I am trying to use Wildfire as a chat-server for my current project. The thing is, I will need to use an existing buddy-list system (both a buddy-list and a blocked-list really, but the buddy list is most important…).
While it seems quite straight-forward to implement authentication and a user/group-provider and plug them into Wildfire, I cannot find a similar way to handle Rosters. Is there a similar way to handle rosters?
If not, is there a “current practice” for how to change the way in which Wildfire gets the roster for a user? Should I re-implement RosterItemProvider to suit my needs? What implications will that have? Does any other parts of Wildfire read the same tables (I could imagine the case of presence-information as an example?) or will the RosterItemProvider provide all access to the database?
The roster for wildfire can be read-only, so I guess I wouldn’'t need to implement everything that is needed for a full handling system…
Roster management is very specific to XMPP. I don’'t think that we are going to let admins configure roster management so that roster information is read from/saved to another backend store. On the other hand, you can populate rosters by using shared groups. Would that fulfil your needs?
Using a shared group seems very promising to what we want to achieve. I assume that wrinting a custom groupProvider working together with a userProvider and authProvider will let us manage all aspects of users and groups through our backend system. (We don’'t want users to be able to manage their own rosters, for instance…)
One question though: It seems that the Group-class does some lookups in the wildfire database for some properties at least. Does this mean that we must keep some information in the wildfire database for each group?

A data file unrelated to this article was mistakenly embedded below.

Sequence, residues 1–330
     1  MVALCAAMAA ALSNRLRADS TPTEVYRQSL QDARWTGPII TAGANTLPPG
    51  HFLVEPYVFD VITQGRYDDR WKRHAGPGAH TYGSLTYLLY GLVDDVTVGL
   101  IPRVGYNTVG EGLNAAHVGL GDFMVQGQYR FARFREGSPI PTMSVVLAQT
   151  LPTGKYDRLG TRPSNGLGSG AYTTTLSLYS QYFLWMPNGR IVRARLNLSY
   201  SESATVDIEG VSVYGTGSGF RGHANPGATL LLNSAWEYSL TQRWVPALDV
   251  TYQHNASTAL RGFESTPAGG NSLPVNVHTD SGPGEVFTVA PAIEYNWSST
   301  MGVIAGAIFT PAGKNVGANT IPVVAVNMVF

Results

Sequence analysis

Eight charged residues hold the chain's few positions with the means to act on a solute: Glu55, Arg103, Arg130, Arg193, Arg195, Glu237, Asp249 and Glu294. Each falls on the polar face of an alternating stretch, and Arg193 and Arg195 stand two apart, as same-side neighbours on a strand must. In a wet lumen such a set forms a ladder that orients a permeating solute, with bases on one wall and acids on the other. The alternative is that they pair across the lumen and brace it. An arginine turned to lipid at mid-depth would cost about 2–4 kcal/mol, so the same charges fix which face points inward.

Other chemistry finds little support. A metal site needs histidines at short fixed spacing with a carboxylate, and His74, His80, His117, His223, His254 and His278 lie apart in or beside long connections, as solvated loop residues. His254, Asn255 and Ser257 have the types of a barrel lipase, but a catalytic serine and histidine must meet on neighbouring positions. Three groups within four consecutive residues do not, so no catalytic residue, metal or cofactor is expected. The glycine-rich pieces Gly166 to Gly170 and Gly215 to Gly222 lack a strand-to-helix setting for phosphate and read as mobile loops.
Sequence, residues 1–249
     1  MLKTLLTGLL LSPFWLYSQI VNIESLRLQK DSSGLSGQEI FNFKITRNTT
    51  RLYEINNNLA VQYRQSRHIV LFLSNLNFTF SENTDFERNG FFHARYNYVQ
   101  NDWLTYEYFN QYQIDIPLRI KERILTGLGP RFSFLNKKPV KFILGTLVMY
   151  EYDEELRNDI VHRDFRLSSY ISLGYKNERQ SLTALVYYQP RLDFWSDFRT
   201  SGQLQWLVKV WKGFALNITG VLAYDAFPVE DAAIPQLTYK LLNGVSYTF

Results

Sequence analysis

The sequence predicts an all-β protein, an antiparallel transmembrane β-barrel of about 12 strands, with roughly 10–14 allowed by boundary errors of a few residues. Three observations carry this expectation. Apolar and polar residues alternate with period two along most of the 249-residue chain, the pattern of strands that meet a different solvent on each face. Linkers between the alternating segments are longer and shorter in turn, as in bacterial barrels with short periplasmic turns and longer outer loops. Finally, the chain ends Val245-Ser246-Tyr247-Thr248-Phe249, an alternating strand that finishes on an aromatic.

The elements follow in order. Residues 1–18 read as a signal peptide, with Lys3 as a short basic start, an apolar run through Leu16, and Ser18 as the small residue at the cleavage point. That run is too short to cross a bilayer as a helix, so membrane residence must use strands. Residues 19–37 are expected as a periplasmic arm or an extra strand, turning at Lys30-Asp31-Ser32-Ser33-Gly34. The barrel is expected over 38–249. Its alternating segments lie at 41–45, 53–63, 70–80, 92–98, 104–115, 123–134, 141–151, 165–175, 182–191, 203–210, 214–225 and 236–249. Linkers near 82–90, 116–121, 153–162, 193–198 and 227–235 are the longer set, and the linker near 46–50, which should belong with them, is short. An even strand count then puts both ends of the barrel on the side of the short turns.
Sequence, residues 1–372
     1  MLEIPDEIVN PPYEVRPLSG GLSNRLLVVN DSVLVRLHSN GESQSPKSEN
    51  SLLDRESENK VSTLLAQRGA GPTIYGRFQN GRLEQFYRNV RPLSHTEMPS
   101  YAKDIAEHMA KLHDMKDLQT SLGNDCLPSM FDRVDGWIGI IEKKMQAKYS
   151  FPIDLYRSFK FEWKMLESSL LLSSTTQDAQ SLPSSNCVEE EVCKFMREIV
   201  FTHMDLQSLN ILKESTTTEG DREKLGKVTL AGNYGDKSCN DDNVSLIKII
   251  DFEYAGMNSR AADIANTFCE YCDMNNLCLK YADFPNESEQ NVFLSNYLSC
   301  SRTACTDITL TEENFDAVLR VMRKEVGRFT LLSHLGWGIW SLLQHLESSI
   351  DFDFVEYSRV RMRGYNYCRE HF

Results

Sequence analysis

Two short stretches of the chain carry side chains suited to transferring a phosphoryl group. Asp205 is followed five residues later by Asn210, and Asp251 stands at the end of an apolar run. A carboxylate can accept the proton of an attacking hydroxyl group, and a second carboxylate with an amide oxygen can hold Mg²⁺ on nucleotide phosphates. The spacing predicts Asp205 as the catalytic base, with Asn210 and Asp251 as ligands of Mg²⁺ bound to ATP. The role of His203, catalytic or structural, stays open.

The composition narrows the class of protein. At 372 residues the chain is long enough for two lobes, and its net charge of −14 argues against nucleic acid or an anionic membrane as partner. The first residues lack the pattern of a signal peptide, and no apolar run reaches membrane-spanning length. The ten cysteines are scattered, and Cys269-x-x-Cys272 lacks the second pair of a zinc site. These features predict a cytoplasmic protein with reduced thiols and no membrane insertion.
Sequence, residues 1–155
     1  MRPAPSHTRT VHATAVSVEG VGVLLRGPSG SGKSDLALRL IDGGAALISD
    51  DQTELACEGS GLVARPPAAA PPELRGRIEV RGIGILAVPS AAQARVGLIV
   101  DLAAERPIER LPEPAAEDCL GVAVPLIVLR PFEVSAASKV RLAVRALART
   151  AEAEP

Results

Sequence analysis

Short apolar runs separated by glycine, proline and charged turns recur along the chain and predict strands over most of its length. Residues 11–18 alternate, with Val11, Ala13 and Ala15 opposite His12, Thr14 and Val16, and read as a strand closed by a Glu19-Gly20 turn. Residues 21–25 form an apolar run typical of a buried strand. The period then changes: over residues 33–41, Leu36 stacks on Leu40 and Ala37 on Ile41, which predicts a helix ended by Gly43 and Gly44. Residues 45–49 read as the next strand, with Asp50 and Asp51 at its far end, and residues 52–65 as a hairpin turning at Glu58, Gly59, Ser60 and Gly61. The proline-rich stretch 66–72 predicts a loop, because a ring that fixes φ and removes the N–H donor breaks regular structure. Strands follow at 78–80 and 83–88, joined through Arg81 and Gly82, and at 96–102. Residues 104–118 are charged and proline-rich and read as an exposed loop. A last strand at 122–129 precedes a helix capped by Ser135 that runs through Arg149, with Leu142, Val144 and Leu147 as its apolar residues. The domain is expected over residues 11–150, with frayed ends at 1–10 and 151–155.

List of groups and group members can be obtained from different backends. Out of the box you can get them from LDAP or the database. If you want to hook them up to another backend all you need to do is create a new class that implements the GroupProvider interface and register it in conf/wildfire.xml as described in GroupProvider.
However, extra information related to groups is kept in Wildfire’'s database. The reason is that information specific to Wildfire is kept in the system instead of being pulled from another place. Therefore, information such us which groups are shared groups is kept in the database as group properties.
Does that mean that I must manually[/i] define a group as shared?
Can my backend store have several groups with the same name, or will that interfere with the way wildfire handles groups outside of the GroupProvider?
My case is this:
A user is to maintain a (set of) buddy list(s) from a web site. These are to be used both for online chat via the web site, but should also be used as contact lists for our xmpp-based client. We wanted to display these buddies as the user’'s roster by extending wildfire, but my initial investigation implies that there is a lot of code to change (and no easy way to do it) in order to provide a roster from a custom location (other than the wildfire db that is).
So I thought to use the shared-groups functionality, providing each buddy list as a group when a user logs on. (from the call to GroupProvider.getGroups(JID userJid) I guess)
Does this seem like a good idea? Or any other suggestions would be greatly appreciated…
Just wanted to post a follow-up here for future reference.
I have implemented my own subclass of RosterItemProvider in order to override the default behaviour of Wildfire. I needed to do this in order to use our custom buddy-list structure (it is used in other systems as well as by wildfire).
The trick was to extend the default RosterItemProvider, overriding the method to load the roster of a user - getItems(String). I also provided overrides to create-, update- and deleteItem, as this is prohibited in our backend structure. Updates to a roster is only to be managed through our normal web-site. Now my custom implementation connects through a ejb-remote interface to our backend-system, and everything seems to be working quite fine